It’s worth noting here that elite athletes are by and large all absolute competitive psychopaths, so Jordan is not the first champion who got off as much on making someone else lose as he did on claiming a win for himself. That Jordan played in high-stakes card games on the team plane is something he has in common with basically every NBA star in history; that Jordan also journeyed to the front of the plane, where rotation players with lower salaries were playing blackjack for a dollar a hand, to try to get into—and win—those games is where the difference between Jordan and his fellow psychopaths becomes clearest. “‘Why in the hell would you want to play with us?’” backup center Will Perdue remembers the veteran guard John Paxson asking Jordan when he tried to join their game, “‘We’re playing for a dollar a hand.’” Jordan’s answer, Perdue says, was “because I want to say I’ve got your money in my pocket.”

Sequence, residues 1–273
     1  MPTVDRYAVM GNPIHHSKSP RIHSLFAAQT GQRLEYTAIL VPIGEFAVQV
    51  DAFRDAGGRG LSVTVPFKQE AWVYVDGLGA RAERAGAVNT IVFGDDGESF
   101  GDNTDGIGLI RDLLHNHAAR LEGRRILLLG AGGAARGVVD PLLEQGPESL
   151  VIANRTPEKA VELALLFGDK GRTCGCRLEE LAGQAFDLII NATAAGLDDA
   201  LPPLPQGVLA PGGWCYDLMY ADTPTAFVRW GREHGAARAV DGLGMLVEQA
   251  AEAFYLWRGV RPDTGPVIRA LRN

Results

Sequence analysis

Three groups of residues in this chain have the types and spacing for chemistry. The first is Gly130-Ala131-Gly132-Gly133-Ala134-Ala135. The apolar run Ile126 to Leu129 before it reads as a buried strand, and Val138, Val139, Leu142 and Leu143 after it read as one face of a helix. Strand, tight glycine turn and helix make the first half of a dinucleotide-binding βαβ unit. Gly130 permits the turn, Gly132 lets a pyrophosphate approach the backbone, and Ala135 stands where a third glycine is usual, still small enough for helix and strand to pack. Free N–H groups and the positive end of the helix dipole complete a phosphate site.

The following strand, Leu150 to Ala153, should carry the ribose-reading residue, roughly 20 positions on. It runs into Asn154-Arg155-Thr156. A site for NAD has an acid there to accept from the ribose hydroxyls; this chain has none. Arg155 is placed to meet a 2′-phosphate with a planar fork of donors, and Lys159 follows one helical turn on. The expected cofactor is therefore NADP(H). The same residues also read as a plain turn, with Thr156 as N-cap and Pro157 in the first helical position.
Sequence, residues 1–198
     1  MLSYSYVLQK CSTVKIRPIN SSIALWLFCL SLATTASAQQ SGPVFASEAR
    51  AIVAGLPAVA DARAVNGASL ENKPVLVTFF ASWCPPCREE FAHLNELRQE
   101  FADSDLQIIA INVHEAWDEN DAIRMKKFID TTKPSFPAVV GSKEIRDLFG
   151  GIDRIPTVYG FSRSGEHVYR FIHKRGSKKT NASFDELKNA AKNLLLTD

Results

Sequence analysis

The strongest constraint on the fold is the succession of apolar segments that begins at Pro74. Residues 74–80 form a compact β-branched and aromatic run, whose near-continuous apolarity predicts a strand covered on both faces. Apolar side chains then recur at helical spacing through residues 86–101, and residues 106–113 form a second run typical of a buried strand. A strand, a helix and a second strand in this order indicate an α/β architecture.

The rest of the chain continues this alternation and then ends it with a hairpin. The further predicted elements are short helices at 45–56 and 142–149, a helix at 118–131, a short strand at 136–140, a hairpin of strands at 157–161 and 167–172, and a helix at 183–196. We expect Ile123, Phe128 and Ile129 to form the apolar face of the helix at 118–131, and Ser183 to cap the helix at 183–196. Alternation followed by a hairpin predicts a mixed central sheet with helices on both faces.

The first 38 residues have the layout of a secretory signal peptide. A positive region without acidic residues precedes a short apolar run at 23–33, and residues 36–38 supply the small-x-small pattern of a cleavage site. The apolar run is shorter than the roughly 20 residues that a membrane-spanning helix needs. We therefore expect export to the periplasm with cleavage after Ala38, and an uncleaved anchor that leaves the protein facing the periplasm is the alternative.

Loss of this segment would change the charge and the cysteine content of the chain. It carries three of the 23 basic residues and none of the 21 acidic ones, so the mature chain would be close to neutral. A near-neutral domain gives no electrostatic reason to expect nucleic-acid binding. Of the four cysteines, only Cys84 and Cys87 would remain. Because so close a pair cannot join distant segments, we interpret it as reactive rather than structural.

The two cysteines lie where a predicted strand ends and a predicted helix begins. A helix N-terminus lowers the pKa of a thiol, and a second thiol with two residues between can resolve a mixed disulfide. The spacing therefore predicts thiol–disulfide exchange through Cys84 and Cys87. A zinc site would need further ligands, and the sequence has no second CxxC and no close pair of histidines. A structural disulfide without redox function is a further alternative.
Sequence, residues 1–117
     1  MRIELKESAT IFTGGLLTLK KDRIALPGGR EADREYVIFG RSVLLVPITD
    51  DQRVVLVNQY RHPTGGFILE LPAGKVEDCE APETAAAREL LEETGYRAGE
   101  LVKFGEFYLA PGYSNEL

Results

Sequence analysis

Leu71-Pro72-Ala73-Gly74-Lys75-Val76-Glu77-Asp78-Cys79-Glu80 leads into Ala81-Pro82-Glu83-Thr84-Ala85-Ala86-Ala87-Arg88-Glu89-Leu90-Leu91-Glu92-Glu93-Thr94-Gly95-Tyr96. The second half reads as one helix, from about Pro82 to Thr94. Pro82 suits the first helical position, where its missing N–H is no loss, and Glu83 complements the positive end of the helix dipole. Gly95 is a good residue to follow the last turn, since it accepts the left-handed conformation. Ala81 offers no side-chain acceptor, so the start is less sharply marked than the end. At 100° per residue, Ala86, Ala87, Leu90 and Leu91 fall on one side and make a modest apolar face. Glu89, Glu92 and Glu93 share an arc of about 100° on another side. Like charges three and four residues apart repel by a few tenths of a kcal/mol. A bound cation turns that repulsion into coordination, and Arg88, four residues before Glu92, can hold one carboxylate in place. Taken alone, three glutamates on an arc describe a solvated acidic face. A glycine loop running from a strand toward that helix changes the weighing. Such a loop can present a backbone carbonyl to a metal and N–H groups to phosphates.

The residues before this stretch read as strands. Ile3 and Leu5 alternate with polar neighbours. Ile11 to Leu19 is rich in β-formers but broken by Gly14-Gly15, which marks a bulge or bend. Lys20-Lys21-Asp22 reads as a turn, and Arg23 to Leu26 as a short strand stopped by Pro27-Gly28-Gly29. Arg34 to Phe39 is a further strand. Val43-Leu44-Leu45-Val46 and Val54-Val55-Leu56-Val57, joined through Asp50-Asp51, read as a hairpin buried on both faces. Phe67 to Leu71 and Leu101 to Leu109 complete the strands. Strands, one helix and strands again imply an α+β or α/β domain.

It’s one of the ironies of Jordan’s life that while his brilliance at the sport to which he dedicated his whole being made him impossibly wealthy, his unrelenting competitiveness led him to lose sizable sums of money at other pursuits at which he was not nearly as good. We see Jordan lose $20 in an inscrutable coin-tossing game to a Bulls clubhouse security guy with a crispy gray perm; the security guard hits Jordan with the same what-more-can-I-say shrug that Jordan gave after lighting up the Portland Trail Blazers in the previous year’s NBA Finals. We also see Jordan making a circuitous duffer’s route across the golf course, losing balls and winning a small bet. We learn, too, of much larger losses—like a $57,000 check for a gambling debt that the feds found in the possession of a man named James “Slim” Bouler when they arrested Bouler on drug and money-laundering charges, and the seven-figure debt that a man named Richard Esquinas claimed Jordan owed him after years of gambling on golf games. (Esquinas’s awful book about their relationship, which I read years ago, was released during the ‘93 NBA playoffs.) In that context, Jordan gambling in Atlantic City the night before a loss to the New York Knicks in Game 2 of the ‘92-93 Eastern Conference Finals becomes the subject not just of superheated sports media takesmithery—some things never change—but darker speculation about bigger problems.